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We had a very engaged audience last night in Beaufort Branch for Sandy Dimke's "Photos for Future Generations," the opening salvo of the Spring 2011 BDC@ The Branches series. Sandy was great! Thanks to all who came to learn how to take and archive interesting photographs for their descendants.

Upcoming programs in the Spring 2011 BDC@ The Branches Program Series are:

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Here in the Beaufort District Collection we do our best to tie-in with local and national events. We are but a small cog, but we do participate in national efforts whenever possible.

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Reminder - Photos for the Future with Sandy Dimke

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In honor of St. Patrick's Day, today's post refers to the NBC series "Who Do You Think You Are?" about researching family history - with an emphasis on Irish heritage.

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Although the major focus of the Beaufort District Collection is on the history, culture, and environment of our area, we provide limited assistance to customers whose primary interest is in tracking their family history.

Occasionally, we do talks on South Carolina genealogical topics. For example, on December 7, 2010, staff presented a session on "Federal Censuses, 1840 - 1910," for the Beaufort Chapter, South Carolina Genealogy Society. Contact us for the PDF or WORD version of the presentation.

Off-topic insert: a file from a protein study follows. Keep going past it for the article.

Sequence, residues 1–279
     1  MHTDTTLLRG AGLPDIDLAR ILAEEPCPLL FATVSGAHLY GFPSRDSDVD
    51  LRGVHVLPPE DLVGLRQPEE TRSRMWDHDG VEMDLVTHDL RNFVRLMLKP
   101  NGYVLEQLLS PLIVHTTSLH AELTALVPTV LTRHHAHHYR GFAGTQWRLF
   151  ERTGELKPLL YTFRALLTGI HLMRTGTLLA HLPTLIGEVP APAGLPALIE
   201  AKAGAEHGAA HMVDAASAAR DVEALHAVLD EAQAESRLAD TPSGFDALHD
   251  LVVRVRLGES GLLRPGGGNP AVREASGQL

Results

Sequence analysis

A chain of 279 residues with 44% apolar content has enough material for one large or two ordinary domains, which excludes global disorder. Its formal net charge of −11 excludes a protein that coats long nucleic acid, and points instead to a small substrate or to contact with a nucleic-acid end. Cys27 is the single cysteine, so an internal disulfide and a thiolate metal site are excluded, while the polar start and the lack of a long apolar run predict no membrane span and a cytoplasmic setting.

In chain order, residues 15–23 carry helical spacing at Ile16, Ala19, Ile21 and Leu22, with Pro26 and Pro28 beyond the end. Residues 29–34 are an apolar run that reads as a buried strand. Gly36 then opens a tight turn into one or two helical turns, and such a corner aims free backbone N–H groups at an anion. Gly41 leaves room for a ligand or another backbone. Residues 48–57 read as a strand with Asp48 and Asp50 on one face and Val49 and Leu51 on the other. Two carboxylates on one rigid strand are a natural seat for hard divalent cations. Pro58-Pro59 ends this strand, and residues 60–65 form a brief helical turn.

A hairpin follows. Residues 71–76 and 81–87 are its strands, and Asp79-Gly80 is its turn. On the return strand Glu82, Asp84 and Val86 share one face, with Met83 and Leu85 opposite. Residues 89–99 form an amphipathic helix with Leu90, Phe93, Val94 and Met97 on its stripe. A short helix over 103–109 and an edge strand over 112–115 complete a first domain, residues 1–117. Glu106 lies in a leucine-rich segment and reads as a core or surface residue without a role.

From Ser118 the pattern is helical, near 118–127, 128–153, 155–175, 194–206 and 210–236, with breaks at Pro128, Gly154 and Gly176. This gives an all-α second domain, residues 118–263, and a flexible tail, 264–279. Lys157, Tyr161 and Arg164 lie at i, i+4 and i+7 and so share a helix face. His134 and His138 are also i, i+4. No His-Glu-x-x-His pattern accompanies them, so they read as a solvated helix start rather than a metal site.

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The BDC Research Room is closed for lunch, Noon to 1 pm, March 8 - 25. (We have to comply with Federal labor laws you know!)

Regular hours of operation will resume Monday, March 28th.

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DISCUS – which stands for Digital Information for South Carolina USers – provides free access to an electronic library that’s available 24/7. DISCUS provides a variety of organized resources, called databases, for individuals of all ages, educational levels and interests. The databases include:

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This watercolor owned by the Colonial Williamsburg Foundation is described as "the best-known surviving 18th century depiction of slaves in America." It has been widely reproduced in publications and educational texts for more than 50 years. But its artist and its history was unknown -- until now

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Carolina Stories: Uncommon Folk spotlights six self-taught South Carolina folk artists and their unique, sometimes quirky, creations. Artisans featured are L.C. Carson, Johnnie Simmons, Ernest Lee, Maxie McConnell Eades, Margaret Robbins, and Sam Doyle, the St. Helena folk artist whose "Stepping Out" painting is to the left.

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Beaufort District Collection presents

Sandy Dimke on "Photos for Future Generations" Wed., Mar. 23rd in the Beaufort Branch Library 6:00 pm - 7:00 pm

The goal is to learn how to take photos now that will still be interesting in 100 years!